information produced by our leading scientists and scholars.
     Great strides have been made in understanding how children's brains are
 shaped and developed, how positive behaviors can be encouraged, and how
 investments in early childhood create success in later years.
     We will ensure that our policies match the latest research and that
 families are given what they need to take advantage of these scientific
     Innovation also requires federal grants to our universities, which have
 long been the spark for great breakthroughs: from the Internet, to
 biosciences, to fiber optics, to nanotechnology.
     We must commit to doubling federal funding for basic research and
 development in the physical sciences and modernize and expand the research
 and development tax credit. And we will bring broadband access to every
 American within five years, creating millions of jobs.
     These investments, and initiatives to support a thriving small business
 environment, will allow us to pursue the long-term, trailblazing research
 that gives rise to new advances, spawns new industries, and creates good
 jobs here at home.
     In order to be competitive and strong, we must be fiscally responsible.
 We owe our children boundless opportunity, not mountains of debt.
     That is why Democrats have passed the strict standards of
 pay-as-you-go, no new deficit spending.
     For our future to be strong, all of our communities must be strong. It
 says in the Bible, 'When there is injustice in the world, the poorest
 people, those with the least power, are injured the most.'
     That was certainly true for the people of Hurricane Katrina.
     Hurricane Katrina was a natural disaster, compounded by a man-made
 disaster. It is now 18 months past time to get our response right.
     This Congress has begun our hard work of reviewing the response to
 Katrina, beginning with hearings on housing. Our House Democratic Caucus
 Katrina Task Force, led by the delegations from the region, is committed to
 find solutions for the communities of the Gulf Coast.
     The response to Katrina is one of the great moral challenges facing our
 nation. So is ending the war in Iraq.
     It was a great President who said, 'America will pay any
 assure the survival and the success of liberty.'
     And we will.
     The American people have demonstrated clearly their desire for a new
 direction in Iraq. The war has produced tens of thousands of U.S.
 casualties, cost hundreds of billions of dollars, and damaged the standing
 of the United States in the international community. The strain the war is
 placing on our Army and Marine Corps diminishes our ability to respond to
 other challenges and thereby threatens our security. Escalating our
 military involvement in Iraq will not reverse these negative effects, it
 will only add to them.
     The solutions to the issues which divide Iraqis are political and
 diplomatic, not military. As such, they are beyond the ability of our
 troops, who have performed their difficult and dangerous missions with
 great courage, to resolve. The Iraqis and their neighbors have the most at
 stake in an unsafe Iraq. The sooner we give them the responsibility for
 their future, the sooner our troops can come home.
     That is why, Senator Reid, many House members support the bipartisan
 resolution in the Senate, that states, 'It is not in the national interest
 of the United States to deepen our involvement in Iraq, particularly by
 escalating the United States military force presence.'
     We must make this Congress about the future for a new America.
 Innovation will provide the new ideas to defend America, care for our
 children, grow our economy, and preserve our planet.
     Thank you.
     I am honored to present Senate Majority Leader, Harry Reid, and in
 doing so acknowledge his great leadership for our country.
     Senate Majority Leader Harry Reid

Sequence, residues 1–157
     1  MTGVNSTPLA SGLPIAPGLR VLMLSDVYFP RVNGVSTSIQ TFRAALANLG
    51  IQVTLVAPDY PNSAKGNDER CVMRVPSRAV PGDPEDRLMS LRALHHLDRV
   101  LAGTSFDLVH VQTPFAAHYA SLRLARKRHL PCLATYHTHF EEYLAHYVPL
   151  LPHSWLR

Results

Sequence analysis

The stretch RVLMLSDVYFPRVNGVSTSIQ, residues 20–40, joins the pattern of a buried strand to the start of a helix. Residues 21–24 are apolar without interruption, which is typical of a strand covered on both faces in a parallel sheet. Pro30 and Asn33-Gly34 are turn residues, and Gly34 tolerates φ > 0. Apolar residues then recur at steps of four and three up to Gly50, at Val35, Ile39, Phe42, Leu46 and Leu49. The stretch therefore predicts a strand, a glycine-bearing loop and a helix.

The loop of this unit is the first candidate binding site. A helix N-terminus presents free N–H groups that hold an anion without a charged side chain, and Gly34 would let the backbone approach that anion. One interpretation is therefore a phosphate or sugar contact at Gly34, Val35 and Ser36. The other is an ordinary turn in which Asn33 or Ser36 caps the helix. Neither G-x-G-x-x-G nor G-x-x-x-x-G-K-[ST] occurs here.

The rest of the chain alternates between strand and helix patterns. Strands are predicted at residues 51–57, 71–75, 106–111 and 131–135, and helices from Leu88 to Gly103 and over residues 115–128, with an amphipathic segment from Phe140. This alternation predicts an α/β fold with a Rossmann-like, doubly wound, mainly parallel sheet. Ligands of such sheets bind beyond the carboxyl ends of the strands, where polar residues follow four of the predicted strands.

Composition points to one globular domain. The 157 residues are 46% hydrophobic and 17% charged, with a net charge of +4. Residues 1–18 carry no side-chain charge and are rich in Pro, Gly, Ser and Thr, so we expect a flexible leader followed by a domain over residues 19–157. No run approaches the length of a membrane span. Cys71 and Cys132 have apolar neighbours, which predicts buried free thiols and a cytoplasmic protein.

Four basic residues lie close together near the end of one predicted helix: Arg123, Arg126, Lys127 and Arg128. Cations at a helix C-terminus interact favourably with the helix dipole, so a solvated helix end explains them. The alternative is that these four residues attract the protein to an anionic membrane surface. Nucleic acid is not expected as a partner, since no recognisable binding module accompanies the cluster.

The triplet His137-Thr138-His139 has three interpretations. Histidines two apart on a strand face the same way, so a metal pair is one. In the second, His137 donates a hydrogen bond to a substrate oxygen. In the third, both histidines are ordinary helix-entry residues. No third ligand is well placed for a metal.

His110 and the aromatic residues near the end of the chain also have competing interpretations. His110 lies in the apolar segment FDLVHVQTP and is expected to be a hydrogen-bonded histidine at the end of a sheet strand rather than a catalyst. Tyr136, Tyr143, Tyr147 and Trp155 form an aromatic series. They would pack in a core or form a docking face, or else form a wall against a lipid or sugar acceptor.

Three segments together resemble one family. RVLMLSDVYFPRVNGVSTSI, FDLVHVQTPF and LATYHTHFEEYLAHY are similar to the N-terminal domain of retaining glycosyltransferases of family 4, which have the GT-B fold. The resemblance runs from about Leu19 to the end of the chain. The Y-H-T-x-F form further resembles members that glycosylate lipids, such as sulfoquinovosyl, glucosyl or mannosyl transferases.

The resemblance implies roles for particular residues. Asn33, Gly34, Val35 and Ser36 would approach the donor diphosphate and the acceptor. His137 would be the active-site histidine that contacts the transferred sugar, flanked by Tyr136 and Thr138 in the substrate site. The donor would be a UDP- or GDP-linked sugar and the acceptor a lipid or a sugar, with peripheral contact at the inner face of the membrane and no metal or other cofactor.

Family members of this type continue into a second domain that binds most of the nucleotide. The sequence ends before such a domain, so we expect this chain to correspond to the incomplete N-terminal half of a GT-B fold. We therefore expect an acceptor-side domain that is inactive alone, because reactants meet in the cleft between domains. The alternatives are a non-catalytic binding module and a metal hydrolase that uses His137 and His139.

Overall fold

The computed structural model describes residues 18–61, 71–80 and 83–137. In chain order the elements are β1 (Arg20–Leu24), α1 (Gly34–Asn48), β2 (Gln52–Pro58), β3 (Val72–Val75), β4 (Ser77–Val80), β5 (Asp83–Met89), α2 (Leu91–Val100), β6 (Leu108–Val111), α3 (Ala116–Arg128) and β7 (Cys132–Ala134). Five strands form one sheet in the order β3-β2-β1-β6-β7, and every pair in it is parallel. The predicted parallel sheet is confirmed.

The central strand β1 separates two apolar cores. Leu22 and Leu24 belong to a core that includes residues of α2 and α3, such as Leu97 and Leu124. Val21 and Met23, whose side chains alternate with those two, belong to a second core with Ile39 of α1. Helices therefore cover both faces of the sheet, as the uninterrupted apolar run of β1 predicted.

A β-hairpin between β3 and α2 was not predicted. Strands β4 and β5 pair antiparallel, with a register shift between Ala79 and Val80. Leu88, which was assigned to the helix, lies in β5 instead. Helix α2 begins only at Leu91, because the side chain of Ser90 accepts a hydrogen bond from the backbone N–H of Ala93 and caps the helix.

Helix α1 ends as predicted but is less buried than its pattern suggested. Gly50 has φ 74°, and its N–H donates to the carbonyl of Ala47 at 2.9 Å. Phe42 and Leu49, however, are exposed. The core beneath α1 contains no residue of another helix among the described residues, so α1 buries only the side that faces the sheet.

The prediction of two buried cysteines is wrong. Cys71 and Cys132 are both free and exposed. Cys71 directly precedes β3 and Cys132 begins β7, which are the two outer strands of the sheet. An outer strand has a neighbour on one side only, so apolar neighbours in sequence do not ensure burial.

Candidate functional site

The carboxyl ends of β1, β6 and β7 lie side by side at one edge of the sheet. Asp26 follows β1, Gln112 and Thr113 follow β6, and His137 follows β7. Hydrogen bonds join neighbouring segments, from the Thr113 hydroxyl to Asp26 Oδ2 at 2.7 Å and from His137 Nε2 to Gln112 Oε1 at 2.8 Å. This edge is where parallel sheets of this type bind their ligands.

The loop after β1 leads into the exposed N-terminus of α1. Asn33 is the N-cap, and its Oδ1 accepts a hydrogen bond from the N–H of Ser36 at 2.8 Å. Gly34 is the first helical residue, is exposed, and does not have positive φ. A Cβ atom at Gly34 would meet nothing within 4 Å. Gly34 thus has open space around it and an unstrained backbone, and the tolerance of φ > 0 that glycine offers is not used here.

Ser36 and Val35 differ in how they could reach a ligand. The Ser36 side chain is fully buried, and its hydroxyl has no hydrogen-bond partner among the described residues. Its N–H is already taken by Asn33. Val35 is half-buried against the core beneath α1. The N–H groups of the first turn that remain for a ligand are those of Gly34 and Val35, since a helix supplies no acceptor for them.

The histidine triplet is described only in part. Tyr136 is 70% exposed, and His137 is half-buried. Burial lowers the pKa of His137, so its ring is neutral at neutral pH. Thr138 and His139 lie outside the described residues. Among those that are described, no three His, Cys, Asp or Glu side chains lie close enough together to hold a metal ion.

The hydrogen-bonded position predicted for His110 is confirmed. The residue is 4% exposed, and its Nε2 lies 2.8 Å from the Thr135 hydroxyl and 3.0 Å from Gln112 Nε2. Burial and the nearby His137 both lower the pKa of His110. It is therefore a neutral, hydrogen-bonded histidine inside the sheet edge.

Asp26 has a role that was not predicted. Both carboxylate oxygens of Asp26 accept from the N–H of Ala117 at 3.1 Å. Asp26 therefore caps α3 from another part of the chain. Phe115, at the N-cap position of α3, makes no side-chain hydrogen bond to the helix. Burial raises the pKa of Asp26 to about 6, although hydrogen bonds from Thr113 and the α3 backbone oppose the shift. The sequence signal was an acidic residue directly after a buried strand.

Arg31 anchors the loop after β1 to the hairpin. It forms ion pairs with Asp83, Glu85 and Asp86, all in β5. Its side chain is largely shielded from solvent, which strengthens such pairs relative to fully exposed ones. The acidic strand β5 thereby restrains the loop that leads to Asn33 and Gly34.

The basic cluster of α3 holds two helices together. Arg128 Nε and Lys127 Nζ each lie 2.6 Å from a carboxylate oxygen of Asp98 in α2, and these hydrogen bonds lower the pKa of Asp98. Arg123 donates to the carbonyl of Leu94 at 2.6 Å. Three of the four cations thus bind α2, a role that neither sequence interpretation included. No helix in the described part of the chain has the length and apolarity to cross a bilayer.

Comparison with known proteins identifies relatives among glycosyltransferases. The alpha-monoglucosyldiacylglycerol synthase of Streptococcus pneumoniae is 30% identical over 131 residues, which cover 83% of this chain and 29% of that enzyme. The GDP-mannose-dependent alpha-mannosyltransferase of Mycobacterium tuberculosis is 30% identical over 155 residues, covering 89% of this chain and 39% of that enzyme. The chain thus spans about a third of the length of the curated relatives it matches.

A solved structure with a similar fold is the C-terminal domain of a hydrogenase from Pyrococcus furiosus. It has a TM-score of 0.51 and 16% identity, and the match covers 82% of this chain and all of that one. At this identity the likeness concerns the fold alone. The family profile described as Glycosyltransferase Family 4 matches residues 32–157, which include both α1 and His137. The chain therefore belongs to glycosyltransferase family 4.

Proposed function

Thank you Speaker Pelosi for that introduction and for the leadership
 you provide our party and our country. You've made history, and Americans -
 regardless of their partisan perspective -- share joy in your achievement.
     In its first 100 hours, the new leadership in the House has shown
 America that Democrats and Republicans can work together to deliver
 results. Last night - on the issue of ethics - the Senate scored its first
 victory of this new year, passing perhaps the most sweeping ethics reform
 legislation in history.
     Now that we've changed the way Washington does business, it's our job
 -- and the job of every member of Congress -- to keep moving America in a
 new direction.
     The new Congress will confront many difficult issues in 2007, but none
 more important than keeping America safe. We live in a dangerous world. We
 face many threats. There are critical challenges around the world America
 must confront:
     In Afghanistan, where the Taliban and al Qaeda are resurgent.
     In North Korea and Iran, which continue to march forward with their
 nuclear programs.
     In Darfur, where genocide rages, and elsewhere in Africa, where poverty
 and sickness are leading to mass human suffering and dangerous instability.
     In Latin America, where Chavez and Castro want to put their leftist
 mark on young democracies.
     And in the Middle East and here at home, where, as the Speaker
 indicated, we need to find a way to free ourselves from our dangerous
 dependence on oil.
     These are just some of the national security challenges we face.
 Unfortunately, we have yet to adequately confront these or other problems,
 because this Administration has been all consumed and, frankly, overwhelmed
 by its own failed policies in Iraq.
     The Iraq war has now lasted longer than World War II -- a war that took
 us to far away Okinawa across North Africa and throughout the continent of
     The costs of the war have been staggering.
     We've lost 3,025 of our troops, and seen tens-of-thousands more
 wounded. The war has strained our military, and depleted our Treasury. Last
 year, violence claimed the lives of at least 34,000 Iraqis - a rate of
 almost 100 a day.
     Yet despite these tremendous costs, despite this great sacrifice, the
 Iraq war has made America less safe, not more safe. Our troops in Iraq --
 including hundreds of fine Nevadans -- have done everything asked of them.
 It's their political leaders at home who've failed.
     We must change course.
     Unfortunately, the President's new plan can be summed up in four words:
 "more of the same."
     Like our military generals, the American people and a growing
 bipartisan chorus in Congress, I believe escalation is a serious mistake.
     As both our top commanders in the region -- Generals Abigail and Casey
 -- have testified, Iraq is experiencing a violent civil war. Interjecting
 more U.S. military forces will not end the civil war, only a comprehensive
 political settlement by the Iraqi government will.